Another possibility is that meditation doesn’t make attentional control any more effective, but it does make it less taxing, which might be consistent with reports of improved well-being. There are electrophysiological data (e.g., Moore, Gruber, Derose & Malinowski, 2012
) indicating that meditation training leads to changes in how the brain deals with attentional challenges, and that these changes reflect easier, smoother processing.
Most of the work has been done with adults, not kids. There are at least a few studies that have used mindfulness mediation interventions with kids of middle-school age, and the authors of these studies claim these kids can learn the practice (e.g., Wall, 2005
So at this point, the benefits of mindfulness mediation are not clear enough to make a claim that there is scientific backing for the practice in schools, if the hoped-for benefit is academic. But this is a research literature worth keeping on the radar.
Chiesa, A., Calati, R., & Serretti, A. (2011). Does mindfulness training improve cognitive abilities? A systematic review of neuropsychological findings. Clinical Psychology Review, 31,
Moore, A., Gruber, T., Derose, J., & Malinowski, P. (2012). Regular, brief mindfulness meditation practice improves electrophysiological markers of attentional control. Frontiers in Human Neuroscience, 6,
Wall, R. B. (2005). Tai chi and mindfulness-based stress reduction in a Boston Public middle school. Journal of Pediatric Health Care. 19,
in yesterday’s New York Times covered some recent research on the increasing education achievement gap between rich and poor. It’s worth a read, but it misses a couple of important points.
Regarding reasons for the gap, the article dwells on one hypothesis, commonly called the investment
theory: richer families have more money to invest in their kids. (The article might have mentioned that richer families not only have more financial capital, but more human capital and social capital.) The article does not mention at all another major theory of the economics of educational achievement; stress theory. Kids (and parents) who live in poverty live under systemic stress. A great deal of research in the last ten years has shown that this stress has direct cognitive consequences for kids, and also affects how parents treat their kids. (Any parent knows that you’re not at your best when you’re stressed.) An open-access review article on this research can be found here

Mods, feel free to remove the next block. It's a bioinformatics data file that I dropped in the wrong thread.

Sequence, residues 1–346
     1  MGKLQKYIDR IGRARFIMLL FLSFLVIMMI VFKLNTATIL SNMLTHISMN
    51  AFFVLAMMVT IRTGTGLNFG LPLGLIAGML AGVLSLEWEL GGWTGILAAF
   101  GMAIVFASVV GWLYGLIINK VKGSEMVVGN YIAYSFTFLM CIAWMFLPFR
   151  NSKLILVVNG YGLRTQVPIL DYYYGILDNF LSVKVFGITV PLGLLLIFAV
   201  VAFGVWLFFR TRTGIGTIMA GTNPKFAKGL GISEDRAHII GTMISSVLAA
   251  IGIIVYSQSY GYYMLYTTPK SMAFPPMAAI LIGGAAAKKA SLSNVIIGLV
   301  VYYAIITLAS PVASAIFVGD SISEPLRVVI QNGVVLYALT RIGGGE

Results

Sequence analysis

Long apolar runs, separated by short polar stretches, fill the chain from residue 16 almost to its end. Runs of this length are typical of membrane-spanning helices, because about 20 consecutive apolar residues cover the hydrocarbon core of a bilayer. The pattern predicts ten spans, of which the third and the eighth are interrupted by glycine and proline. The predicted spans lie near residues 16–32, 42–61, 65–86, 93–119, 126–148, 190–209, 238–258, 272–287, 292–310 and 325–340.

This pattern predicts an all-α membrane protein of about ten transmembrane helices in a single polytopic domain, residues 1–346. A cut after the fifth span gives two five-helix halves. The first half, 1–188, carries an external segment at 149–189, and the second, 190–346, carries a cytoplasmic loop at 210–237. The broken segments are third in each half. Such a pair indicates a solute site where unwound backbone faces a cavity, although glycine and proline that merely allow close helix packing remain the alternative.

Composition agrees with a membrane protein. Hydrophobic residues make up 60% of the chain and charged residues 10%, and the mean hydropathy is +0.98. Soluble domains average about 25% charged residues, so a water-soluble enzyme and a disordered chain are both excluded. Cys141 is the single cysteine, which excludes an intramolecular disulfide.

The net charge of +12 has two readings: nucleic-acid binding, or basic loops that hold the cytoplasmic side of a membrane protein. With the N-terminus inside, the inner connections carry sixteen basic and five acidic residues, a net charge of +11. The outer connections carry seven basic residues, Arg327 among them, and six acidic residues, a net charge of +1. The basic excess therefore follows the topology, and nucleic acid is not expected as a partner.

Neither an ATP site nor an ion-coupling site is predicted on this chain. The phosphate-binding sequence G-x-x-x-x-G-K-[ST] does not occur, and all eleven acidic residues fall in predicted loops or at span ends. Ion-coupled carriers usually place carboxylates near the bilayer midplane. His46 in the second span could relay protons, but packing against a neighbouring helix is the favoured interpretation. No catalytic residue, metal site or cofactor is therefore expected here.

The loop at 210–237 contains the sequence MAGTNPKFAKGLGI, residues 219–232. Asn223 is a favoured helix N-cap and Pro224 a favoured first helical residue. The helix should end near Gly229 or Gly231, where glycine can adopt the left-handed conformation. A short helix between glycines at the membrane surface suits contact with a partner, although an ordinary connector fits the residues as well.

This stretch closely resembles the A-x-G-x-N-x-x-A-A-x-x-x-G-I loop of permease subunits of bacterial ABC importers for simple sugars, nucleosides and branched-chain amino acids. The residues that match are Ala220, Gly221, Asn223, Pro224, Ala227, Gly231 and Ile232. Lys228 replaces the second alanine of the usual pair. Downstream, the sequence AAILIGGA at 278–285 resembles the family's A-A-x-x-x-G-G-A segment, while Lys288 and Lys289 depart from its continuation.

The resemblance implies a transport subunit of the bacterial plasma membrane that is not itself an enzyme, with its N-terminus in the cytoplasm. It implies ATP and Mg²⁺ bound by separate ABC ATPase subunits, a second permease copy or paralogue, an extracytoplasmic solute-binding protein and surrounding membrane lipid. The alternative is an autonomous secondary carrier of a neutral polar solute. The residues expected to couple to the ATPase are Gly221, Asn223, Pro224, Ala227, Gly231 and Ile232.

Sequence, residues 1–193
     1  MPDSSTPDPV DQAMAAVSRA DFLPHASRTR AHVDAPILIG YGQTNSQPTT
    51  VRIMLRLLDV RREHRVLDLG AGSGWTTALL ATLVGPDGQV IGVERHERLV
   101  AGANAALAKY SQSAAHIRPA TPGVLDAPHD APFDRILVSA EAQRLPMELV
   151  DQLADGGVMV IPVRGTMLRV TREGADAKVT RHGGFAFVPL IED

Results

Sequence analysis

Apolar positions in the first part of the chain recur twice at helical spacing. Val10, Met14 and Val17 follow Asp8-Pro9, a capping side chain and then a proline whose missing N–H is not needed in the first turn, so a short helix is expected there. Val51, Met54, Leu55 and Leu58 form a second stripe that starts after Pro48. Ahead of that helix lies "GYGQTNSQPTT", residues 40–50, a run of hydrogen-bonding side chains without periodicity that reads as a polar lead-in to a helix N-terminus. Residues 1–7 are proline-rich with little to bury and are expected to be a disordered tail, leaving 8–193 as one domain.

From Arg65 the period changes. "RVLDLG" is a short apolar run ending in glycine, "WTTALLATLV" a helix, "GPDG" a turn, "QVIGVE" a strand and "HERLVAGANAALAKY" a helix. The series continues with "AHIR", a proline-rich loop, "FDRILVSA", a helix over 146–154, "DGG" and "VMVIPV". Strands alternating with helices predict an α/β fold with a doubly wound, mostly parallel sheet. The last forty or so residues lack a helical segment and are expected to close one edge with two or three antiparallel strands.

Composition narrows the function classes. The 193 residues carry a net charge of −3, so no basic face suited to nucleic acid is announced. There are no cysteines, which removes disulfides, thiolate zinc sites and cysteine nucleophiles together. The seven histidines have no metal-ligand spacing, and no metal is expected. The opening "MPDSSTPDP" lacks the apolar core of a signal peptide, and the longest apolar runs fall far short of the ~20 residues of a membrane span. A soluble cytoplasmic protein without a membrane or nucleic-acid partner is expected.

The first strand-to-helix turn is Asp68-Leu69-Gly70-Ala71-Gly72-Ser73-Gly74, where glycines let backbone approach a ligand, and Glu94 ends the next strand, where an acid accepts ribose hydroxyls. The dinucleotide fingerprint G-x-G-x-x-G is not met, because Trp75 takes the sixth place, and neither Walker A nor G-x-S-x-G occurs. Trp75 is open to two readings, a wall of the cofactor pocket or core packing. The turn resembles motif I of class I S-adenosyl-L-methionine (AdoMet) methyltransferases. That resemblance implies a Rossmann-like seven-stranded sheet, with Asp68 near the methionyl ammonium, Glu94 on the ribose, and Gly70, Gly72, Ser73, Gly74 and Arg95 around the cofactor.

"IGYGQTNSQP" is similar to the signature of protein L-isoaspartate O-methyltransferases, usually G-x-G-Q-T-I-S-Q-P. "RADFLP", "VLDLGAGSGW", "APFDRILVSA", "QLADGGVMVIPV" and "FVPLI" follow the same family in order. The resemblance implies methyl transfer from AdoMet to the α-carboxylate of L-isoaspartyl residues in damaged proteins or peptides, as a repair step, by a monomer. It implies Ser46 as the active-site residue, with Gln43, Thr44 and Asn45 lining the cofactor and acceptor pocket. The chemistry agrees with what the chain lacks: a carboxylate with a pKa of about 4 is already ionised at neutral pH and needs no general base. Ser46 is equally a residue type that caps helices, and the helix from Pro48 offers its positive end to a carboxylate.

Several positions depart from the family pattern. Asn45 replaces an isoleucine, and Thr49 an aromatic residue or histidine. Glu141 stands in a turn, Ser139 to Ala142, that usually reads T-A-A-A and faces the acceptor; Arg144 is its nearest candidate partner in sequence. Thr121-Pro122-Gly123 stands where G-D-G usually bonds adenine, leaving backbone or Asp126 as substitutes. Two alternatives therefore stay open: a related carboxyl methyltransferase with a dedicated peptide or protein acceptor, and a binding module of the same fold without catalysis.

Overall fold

Another important point the article misses concerns what might be done. It ends with a gloomy quote from an expert: “No one has the slightest idea what will work. The cupboard is bare.”
I think there is more reason for optimism, because other countries are doing a better job with this problem than we are. The OECD analyzes the PISA results by reported family SES. In virtually every country, high SES kids outperform low SES kids. But in some countries, the gap is smaller, and that’s it’s not just countries that have smaller income gaps.
Economic inequality within a country is often measured with a statistic called the Gini coefficient
which varies from 0 (everyone has the same net worth) to 1 (one person has all the money, and the other has nothing). Rich children score better than poor children in countries with large Gini coefficients (like the US) and
the rich outscore the poor in countries with lower Gini coefficients (like Norway). Being poor predicts lower scores everywhere, but the disparity of wealth means more in the US than it does in other countries. What’s significant is that the relationship between income and test performance is stronger in the US than it is in most countries. (The US has the 3rd strongest relationship between income and student performance in Science and 10th highest for math, in the 2006 PISA results
Some countries, (e.g., Hong Kong), despite an enormous disparity between rich and poor, manage to even the playing field when the kids are at school. The US does a particularly poor job at this task; wealthy kids enjoy a huge advantage over poor kids. People generally argue that the US is different than Hong Kong, we’re a large, heteroogenous country, and so forth. All true, but the defeatist attitude won’t get us anywhere. We need more systematic study of how those countries solve the problem.